Matagi: Local protectors of the forest
The Matagi (マタギ・又鬼) are hunter-gatherers from the Tohoku Region (東北地方 Tōhoku-chiho) and are said to originate from the Ani Area (阿仁) of Kitaakita City (北秋田市 Kita-akita-shi) in Akita Prefecture (秋田県 Akita-ken). They follow 400-year-old sacred rituals for living and hunting which are deeply rooted with the belief that a goddess resides within the mountains.
Two Matagi performing the Kebokai ritual to release the soul of the bear. (Image credit: Hideo Suzuki)
The Matagi share many similarities with the Ainu people from Hokkaido. The word Matagi is even said to originate from the Ainu language matangi which loosely translates to “man of winter” or “hunter”, which is an apt description. They hunt only during the winter months, and for the rest of the year, they live off the mountains in many other ways—during spring, mountain vegetables are harvested; in the summertime fishing in the nearby rivers; and in autumn, wild mushrooms are gathered.
Lighting of the Morobi as part of the cleansing ritual. (Image credit: Guesthouse ORIYAMAKE)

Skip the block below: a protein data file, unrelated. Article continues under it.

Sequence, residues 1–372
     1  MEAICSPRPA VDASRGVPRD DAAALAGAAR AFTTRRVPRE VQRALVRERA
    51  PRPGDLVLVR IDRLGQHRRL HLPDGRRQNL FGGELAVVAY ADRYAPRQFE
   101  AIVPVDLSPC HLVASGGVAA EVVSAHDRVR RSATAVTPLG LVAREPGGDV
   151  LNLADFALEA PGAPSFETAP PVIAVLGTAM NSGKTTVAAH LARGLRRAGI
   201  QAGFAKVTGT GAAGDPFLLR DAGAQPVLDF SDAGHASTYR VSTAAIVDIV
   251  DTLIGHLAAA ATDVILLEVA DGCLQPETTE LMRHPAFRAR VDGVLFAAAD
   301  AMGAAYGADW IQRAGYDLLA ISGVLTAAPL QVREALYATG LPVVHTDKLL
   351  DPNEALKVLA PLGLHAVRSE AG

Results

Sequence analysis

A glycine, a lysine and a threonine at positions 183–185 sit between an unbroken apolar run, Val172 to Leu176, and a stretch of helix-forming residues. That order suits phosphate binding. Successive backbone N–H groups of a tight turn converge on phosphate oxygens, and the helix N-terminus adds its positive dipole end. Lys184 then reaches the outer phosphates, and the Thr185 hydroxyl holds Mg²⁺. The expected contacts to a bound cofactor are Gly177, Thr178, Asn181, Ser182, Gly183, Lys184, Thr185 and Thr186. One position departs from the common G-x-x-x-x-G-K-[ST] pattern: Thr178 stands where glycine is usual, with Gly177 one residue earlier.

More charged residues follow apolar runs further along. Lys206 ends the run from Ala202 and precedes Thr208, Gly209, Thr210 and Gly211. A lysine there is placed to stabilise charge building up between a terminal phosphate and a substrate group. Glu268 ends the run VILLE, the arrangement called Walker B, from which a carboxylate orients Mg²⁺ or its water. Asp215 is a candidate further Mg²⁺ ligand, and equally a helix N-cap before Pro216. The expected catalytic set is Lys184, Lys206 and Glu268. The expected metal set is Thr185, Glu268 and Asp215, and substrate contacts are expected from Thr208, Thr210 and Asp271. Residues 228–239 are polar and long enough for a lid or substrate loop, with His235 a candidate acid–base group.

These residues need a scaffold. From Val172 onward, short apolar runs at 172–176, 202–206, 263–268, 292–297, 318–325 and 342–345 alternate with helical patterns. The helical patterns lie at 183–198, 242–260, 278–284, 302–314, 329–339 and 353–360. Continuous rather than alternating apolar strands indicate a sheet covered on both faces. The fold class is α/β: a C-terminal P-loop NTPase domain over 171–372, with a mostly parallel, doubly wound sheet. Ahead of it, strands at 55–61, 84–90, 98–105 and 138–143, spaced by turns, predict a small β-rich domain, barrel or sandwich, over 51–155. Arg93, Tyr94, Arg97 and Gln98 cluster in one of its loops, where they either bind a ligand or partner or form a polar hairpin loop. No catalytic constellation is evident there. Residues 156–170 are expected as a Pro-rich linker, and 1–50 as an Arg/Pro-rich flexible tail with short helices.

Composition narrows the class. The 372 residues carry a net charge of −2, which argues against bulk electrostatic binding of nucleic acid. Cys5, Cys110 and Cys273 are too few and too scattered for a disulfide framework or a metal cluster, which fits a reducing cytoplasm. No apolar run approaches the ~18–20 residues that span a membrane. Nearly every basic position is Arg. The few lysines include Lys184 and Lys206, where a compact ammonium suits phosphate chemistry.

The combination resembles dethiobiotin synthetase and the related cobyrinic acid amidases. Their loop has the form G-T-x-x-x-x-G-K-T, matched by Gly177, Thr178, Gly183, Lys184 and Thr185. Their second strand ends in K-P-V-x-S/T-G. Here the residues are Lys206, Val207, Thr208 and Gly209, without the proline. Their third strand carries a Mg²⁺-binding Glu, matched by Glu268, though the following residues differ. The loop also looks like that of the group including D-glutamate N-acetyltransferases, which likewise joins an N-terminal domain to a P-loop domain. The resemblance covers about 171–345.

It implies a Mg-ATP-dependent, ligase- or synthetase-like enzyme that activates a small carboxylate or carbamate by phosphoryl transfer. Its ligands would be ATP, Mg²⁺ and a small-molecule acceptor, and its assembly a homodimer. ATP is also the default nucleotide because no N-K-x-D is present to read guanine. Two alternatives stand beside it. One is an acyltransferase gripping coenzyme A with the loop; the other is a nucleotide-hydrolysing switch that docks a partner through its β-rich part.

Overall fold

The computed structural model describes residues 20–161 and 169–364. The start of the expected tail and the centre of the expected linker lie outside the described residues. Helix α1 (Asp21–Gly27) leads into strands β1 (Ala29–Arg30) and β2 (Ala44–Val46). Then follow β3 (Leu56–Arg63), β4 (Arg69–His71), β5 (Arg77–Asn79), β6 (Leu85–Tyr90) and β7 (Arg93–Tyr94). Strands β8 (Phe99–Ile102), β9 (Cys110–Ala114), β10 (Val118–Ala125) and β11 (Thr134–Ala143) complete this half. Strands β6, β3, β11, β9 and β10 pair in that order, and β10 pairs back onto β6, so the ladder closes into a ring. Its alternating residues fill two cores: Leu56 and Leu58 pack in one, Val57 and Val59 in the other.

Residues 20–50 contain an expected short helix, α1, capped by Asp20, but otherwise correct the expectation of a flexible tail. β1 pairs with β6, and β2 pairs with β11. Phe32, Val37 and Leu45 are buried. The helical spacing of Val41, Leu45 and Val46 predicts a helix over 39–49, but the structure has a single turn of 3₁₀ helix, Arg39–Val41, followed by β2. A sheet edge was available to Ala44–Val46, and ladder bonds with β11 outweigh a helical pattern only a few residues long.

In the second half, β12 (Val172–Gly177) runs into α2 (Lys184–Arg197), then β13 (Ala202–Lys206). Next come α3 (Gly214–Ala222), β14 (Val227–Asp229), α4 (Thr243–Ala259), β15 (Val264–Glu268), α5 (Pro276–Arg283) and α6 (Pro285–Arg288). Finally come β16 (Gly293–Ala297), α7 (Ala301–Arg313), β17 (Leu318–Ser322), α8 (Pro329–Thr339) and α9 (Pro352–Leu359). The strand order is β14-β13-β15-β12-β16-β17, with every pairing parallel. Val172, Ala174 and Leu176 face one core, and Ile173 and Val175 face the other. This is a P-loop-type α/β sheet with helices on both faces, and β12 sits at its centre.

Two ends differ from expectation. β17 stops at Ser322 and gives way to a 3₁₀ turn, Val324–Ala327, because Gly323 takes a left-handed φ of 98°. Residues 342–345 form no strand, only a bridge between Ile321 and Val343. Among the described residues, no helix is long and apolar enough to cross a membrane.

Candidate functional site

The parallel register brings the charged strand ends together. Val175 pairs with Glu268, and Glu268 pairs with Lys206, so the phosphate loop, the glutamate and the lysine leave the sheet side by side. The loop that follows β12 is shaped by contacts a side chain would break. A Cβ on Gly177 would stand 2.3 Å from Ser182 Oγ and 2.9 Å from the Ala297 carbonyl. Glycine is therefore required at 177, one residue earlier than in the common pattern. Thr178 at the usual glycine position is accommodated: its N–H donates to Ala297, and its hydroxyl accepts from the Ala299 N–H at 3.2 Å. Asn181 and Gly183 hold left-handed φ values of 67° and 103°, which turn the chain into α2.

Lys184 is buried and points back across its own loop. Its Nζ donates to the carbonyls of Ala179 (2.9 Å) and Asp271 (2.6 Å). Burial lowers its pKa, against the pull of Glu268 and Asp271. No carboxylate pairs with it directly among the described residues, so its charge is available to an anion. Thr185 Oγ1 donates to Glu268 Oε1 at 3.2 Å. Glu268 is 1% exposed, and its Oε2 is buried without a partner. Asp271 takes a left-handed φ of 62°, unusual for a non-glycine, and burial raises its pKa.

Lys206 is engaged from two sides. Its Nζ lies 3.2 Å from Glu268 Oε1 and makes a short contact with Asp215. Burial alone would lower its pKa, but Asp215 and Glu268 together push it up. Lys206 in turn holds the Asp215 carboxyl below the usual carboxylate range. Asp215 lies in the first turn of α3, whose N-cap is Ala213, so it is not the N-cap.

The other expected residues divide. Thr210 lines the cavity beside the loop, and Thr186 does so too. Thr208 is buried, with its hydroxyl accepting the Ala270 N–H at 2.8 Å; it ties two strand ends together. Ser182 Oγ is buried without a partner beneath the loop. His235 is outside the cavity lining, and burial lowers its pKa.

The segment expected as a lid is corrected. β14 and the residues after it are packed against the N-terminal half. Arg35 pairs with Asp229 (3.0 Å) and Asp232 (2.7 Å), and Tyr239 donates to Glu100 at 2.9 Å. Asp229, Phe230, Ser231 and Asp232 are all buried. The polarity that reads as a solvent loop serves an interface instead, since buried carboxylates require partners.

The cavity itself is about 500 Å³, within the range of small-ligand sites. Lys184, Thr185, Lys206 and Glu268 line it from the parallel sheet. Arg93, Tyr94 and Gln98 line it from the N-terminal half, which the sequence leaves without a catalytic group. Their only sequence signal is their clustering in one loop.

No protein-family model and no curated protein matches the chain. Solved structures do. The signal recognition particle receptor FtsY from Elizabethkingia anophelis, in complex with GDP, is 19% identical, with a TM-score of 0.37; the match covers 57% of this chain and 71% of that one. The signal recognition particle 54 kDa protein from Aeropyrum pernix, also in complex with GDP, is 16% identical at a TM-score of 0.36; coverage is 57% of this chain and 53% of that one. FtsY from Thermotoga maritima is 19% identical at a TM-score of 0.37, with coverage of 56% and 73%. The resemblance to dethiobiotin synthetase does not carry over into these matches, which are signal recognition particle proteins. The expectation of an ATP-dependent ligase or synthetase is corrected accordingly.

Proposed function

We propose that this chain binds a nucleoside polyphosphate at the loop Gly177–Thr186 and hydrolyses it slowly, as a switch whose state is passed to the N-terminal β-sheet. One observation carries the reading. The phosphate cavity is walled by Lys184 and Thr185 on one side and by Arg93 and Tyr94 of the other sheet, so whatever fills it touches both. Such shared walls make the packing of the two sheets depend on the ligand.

The mountains are always treated with respect and before entering the mountains, a simple purification ritual is conducted at a temple. A morobi fir branch is burnt and smoked to remove the scent of the village and a prayer is offered to the mountain goddess. Anything from the mountains are considered as gifts from the mountain goddess.
Wild Nameko. (Image credit: Akita Inu Tourism)
Being a Matagi is not a full-time profession but rather a lifestyle choice. Sustainability is an important factor when it comes to the Matagi. Often referred to as protectors of the forest, they have a profound understanding of local ecosystems and the need to maintain nature’s balance. When foraging for mountain vegetables and mushrooms, they do not take more than what they need and ensure that the plant will continue to bear fruit. When it comes to hunting, their prey (usually bear) are killed as swiftly as possible, usually in one shot, to keep its suffering to a minimum. The meat is then divided equally between all who participated in the hunt and no part of the animal wasted. The most important thing is that the Matagi never hunt more than needed.
Guesthouse ORIYAMAKE. (Image credit: Guesthouse ORIMAYAKE)
To experience the lifestyle of a Matagi, visit Guesthouse ORIYAMAKE. This guesthouse is run by a Matagi who is keen on educating and sharing with guests what it’s like being one. From trekking in the mountains, to making butter mochi (a high calorie staple brought into the mountains during a hunt) and mushroom foraging, there is so much you can learn! For more information, visit https://oriyamake.com/.
Header image credit: Hideo Suzuki